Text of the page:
MIDDLE EAST AND NORTH AFRICA feature story for Iraq

© IMC Iraq/2008

Staff from the UNICEF-supported International Medical Corps work with community members to install water tanks in the Latifiya sub-district of Baghdad Governerate. Access by humanitarian groups to the area continues to be hampered by security concerns.


LATIFIYA, Baghdad Governorate, Iraq, September 2009 - The morning sun peaks through the cracked windows at the Al Haq primary school in Latifiya sub-district in the Baghdad governorate.  A large classroom is nearly empty of supplies and desks - there isn't even a blackboard.   A handful of children sit listening as their teacher recites their lessons for the day.  Muthanna, age 10, is among them.  The deep black eyes in her impatient face dart around the room, paying scant attention to the teacher.  Her lower abdomen aches, but she will not ask to be excused to the bathroom. 

The bathrooms of the school are filthy, unsanitary and often clogged up with sewage.  Muthanna's anxiety grows as she recalls her friend who had an accident last week and was too ashamed to return to school.  The daily battle between the disgust of using the school toilets, the fear and humiliation of not using them which could result in an accident, as well as the uncomfortable necessity of relieving herself torments her mind. 

A succession of war, sanctions and extreme sectarian strife over the last 30 years has deprived the 30,000 residents in the rural villages of Al Dayrah, Al Haq and Al Zuhoor in Latifiya sub-district of basic services.  Security concerns over the last several years have additionally restricted access by humanitarian groups. This has forced residents and children to endure the increasing deterioration of their education, health care, and water and sanitation services. 

With the slight improvement in security in 2009, UNICEF joined forces with International Medical Corps (IMC) and sent an assessment team to the area.  “No NGO has come to our village since 1978,” recalls Al Haq’s Mukhtar, the village chief.  “IMC’s arrival is uplifting to us all as long needed support will be provided to our people.”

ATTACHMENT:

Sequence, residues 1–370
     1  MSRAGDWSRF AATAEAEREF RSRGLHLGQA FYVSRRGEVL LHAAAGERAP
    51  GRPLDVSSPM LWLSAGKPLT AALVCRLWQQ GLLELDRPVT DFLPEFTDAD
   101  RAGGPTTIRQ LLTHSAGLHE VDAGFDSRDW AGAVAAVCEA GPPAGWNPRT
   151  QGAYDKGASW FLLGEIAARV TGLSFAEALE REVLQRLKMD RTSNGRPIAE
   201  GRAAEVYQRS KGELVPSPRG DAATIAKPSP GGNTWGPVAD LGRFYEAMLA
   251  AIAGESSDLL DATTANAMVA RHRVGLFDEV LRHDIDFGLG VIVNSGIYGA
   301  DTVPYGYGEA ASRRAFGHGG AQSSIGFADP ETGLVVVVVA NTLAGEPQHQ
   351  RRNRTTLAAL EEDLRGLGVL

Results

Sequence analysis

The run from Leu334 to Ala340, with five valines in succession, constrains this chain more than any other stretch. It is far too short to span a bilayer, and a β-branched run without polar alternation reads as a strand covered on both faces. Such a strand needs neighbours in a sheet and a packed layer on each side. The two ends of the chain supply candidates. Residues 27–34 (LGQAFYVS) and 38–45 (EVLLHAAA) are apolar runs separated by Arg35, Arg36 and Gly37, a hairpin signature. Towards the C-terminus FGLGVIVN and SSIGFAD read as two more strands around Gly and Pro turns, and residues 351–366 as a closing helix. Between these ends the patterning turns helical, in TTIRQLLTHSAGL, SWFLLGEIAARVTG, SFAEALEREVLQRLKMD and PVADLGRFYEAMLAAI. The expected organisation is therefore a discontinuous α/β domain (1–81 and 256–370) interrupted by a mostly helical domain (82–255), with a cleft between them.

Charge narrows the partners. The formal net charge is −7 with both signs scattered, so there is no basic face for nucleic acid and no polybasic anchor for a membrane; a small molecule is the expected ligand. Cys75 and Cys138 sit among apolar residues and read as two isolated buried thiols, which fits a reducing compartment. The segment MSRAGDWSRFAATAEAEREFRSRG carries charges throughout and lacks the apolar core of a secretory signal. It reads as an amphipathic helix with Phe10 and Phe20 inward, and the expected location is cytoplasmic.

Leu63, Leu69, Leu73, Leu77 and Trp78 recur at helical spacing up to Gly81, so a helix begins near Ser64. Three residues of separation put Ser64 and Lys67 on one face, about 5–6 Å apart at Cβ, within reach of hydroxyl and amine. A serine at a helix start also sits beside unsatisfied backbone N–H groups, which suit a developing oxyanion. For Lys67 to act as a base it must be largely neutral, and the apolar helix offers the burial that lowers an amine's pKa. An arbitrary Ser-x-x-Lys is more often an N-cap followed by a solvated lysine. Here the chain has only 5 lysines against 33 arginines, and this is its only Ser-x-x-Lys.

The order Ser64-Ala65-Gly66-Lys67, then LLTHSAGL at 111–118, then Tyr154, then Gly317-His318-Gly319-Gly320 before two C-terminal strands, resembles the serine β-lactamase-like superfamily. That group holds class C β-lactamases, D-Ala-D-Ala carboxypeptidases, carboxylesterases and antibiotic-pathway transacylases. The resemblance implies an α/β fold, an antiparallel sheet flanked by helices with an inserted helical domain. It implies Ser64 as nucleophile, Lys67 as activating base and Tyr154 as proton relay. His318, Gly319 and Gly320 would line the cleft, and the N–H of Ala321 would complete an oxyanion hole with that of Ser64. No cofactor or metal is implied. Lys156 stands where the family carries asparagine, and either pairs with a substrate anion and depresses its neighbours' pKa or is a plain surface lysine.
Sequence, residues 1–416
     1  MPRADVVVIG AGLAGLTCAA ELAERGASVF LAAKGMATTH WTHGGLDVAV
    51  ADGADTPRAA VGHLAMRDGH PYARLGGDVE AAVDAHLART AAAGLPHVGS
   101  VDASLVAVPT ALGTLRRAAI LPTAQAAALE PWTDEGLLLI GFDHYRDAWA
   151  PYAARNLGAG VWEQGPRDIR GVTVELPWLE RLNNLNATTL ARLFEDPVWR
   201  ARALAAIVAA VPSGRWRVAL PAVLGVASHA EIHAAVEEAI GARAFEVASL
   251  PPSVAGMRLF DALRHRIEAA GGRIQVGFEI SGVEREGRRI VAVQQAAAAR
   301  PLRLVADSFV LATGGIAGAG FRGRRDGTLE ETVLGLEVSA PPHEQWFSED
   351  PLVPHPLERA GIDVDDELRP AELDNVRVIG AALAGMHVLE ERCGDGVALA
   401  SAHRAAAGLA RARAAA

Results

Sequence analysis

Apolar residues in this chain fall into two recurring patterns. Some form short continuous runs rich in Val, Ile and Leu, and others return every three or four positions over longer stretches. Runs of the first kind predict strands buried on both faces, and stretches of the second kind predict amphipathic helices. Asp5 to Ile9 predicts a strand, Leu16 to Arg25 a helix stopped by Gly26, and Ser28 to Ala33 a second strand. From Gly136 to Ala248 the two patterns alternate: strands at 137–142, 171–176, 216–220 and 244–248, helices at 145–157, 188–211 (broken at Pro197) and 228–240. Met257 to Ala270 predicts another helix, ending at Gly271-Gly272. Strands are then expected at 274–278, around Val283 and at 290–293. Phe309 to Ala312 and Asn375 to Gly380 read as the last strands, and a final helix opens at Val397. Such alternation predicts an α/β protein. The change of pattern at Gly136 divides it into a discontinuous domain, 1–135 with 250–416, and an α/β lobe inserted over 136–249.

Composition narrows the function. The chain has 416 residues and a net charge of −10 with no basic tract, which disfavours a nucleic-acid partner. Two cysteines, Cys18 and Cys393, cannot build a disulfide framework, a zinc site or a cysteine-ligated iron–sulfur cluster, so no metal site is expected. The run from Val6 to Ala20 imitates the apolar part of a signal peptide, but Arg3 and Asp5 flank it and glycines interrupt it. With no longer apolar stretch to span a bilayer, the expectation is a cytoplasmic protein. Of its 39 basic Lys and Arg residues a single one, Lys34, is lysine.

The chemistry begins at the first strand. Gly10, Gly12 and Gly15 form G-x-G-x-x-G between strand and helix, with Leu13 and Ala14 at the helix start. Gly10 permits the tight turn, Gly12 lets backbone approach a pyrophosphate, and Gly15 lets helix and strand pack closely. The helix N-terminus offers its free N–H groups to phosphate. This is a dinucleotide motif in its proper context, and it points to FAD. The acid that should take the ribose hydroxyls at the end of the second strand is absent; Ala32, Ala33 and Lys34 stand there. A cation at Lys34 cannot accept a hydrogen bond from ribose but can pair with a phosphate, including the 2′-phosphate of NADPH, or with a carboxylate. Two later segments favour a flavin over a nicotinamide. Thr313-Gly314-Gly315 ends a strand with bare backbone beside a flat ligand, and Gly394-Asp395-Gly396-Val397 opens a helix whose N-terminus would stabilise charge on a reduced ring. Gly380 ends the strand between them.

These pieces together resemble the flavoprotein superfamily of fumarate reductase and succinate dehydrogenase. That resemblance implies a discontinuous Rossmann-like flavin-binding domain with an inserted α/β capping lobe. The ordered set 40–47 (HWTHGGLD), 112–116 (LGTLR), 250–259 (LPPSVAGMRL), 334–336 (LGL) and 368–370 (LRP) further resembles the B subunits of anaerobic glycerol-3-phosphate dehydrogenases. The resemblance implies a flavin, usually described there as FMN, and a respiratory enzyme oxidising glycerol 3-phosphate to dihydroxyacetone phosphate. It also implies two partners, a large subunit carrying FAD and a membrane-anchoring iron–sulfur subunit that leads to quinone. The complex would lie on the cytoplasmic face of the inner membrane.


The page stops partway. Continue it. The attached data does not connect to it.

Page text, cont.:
Recognizing that poor water quality and sanitation services in the three primary schools in Latifiya jeopardized the health of 1,400 students and reduced their attendance, ability to learn, as well as created anxiety, UNICEF and IMC teamed together to rehabilitate the dilapidated water and sewage system in all three schools.  Upon its completion, Muthanna jubilantly states, "Now I’m not embarrassed about using the latrine.  There is water to flush the toilets and to wash our hands.  We don't have to worry about getting dirty when we use them!"

In addition, UNICEF worked with IMC to develop teams that inform the children about how to practice personal hygiene, dispose of waste and other healthy living habits.  This will help reduce the risk of contracting a preventable disease.  In Iraq’s villages, information is primarily passed from person to person; thus, the impact of the new hygiene lessons on the schoolchildren and community at-large has been significant. 

"After we were taught about the proper way to wash our hands and practice hygiene I told my brothers and sisters and parents,” confirms Muthanna. “Now we are always washing our hands with soap before eating so we won't get sick. I am glad IMC came to our school as now I know the ways that dirty water makes me sick and how to keep my health in a good condition."

UNICEF is supporting the rehabilitation and upgrading of water and sanitation services to around 20,000 children in 42 schools, and is advocating with the government to ensure all children have access to child-friendly water and sanitation facilities in schools.